After a most satisfying lunch, we’ll head towards the Mediterranean Sea and check into L'Hospitalet, our home for the next two nights. Everyone will have a couple hours to check in, freshen up and relax or explore the grounds before we get back on the bus and head to Gruissan.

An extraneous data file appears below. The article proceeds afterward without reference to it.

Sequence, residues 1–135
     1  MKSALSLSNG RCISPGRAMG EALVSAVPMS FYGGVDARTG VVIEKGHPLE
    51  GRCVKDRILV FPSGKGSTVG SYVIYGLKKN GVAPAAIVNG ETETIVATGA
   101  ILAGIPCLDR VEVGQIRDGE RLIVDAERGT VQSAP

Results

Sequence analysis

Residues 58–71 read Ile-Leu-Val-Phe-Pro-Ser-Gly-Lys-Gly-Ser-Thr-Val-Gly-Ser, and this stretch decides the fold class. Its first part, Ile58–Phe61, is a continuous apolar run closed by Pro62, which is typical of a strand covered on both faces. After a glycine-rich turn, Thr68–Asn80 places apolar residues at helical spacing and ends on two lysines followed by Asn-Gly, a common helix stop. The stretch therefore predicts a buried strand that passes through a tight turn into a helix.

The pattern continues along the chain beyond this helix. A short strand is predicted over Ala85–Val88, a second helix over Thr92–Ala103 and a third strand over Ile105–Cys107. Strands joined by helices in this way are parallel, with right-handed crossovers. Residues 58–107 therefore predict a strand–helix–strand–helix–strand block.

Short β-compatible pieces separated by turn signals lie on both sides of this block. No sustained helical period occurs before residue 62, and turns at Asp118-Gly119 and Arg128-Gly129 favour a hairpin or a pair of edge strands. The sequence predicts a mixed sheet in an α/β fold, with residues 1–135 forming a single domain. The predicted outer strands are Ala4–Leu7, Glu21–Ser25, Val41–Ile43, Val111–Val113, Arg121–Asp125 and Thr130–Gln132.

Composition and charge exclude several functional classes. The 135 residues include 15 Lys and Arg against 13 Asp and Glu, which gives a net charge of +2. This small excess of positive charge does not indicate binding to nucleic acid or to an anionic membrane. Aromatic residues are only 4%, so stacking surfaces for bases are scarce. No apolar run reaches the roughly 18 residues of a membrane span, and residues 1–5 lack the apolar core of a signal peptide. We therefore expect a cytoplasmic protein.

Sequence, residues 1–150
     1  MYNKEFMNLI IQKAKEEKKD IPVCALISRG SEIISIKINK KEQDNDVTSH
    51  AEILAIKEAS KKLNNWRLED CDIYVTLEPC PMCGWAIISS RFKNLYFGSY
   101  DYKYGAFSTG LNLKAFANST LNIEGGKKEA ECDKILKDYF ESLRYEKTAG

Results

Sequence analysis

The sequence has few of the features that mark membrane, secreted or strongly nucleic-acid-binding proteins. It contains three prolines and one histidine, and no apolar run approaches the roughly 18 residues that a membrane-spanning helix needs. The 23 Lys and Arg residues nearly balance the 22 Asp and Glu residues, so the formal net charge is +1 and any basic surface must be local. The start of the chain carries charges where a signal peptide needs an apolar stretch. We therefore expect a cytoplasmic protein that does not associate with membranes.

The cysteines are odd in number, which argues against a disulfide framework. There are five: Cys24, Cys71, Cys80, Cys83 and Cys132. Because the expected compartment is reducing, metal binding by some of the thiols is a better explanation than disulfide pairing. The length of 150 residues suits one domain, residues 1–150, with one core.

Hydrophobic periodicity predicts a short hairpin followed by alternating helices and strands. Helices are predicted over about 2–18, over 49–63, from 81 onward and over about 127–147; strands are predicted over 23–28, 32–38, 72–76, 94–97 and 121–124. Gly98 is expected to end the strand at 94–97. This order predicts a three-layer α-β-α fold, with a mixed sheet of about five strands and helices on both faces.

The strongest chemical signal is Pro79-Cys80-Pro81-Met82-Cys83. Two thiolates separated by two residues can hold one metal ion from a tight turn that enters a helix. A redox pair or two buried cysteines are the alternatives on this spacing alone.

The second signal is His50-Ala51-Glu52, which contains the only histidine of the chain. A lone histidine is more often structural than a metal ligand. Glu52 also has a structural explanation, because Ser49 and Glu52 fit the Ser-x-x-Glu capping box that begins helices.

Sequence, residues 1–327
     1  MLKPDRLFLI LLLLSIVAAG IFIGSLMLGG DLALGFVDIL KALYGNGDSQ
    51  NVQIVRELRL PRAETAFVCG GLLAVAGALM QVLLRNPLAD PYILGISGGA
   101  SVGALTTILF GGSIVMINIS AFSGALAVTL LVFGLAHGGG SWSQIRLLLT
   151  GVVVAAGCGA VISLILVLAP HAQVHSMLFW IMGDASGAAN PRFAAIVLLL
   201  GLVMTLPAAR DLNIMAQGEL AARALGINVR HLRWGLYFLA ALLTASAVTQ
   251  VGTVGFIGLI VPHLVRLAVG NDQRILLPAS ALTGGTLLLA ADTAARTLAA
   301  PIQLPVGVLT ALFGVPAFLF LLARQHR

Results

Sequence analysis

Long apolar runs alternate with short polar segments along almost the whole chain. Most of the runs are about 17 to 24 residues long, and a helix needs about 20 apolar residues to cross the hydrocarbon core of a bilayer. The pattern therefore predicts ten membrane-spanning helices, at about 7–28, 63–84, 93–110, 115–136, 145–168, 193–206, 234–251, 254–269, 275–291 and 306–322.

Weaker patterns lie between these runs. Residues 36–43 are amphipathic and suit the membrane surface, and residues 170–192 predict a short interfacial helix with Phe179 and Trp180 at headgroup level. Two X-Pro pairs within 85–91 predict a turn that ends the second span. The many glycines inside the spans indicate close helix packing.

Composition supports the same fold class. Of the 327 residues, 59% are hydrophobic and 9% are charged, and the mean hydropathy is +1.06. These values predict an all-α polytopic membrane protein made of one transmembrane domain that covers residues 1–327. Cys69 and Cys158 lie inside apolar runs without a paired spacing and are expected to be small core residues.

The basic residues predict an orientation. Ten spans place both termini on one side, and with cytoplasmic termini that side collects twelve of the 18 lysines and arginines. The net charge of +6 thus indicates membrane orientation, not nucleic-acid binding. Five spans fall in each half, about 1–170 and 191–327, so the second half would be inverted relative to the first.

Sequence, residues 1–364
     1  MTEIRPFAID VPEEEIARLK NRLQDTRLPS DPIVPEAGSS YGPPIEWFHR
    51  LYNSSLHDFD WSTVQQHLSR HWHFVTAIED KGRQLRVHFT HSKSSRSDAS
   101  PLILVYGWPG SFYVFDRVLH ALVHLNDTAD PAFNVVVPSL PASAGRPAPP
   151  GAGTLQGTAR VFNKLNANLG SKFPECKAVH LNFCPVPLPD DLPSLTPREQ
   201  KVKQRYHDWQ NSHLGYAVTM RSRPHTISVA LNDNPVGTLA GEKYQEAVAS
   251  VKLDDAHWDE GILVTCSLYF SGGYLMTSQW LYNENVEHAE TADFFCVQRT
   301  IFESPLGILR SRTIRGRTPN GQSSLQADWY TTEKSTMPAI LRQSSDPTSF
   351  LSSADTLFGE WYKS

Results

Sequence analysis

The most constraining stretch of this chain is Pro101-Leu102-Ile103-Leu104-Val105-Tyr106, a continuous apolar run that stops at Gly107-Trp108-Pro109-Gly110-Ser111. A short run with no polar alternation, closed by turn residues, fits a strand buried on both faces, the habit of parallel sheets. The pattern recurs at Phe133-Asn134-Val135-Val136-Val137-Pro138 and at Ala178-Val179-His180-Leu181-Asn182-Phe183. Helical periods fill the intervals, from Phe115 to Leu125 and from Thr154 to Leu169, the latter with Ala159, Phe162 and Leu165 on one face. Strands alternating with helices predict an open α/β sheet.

Gruissan is a quaint seaside village known for its salt production and great seafood. We’ll tour the salt marshes where you will learn how the salt is harvested and even pack your own souvenir bag to take home. You’ll never use regular table salt again! After the salt tour we’ll have an awesome seafood dinner at a restaurant right there overlooking the marshes. We’ll start with chilled oysters and shrimp followed by lots of cooked seafood served family style. And, of course, there will be plenty of local wine to wash it all down! After dinner we’ll head back to L’Hospitalet for the night.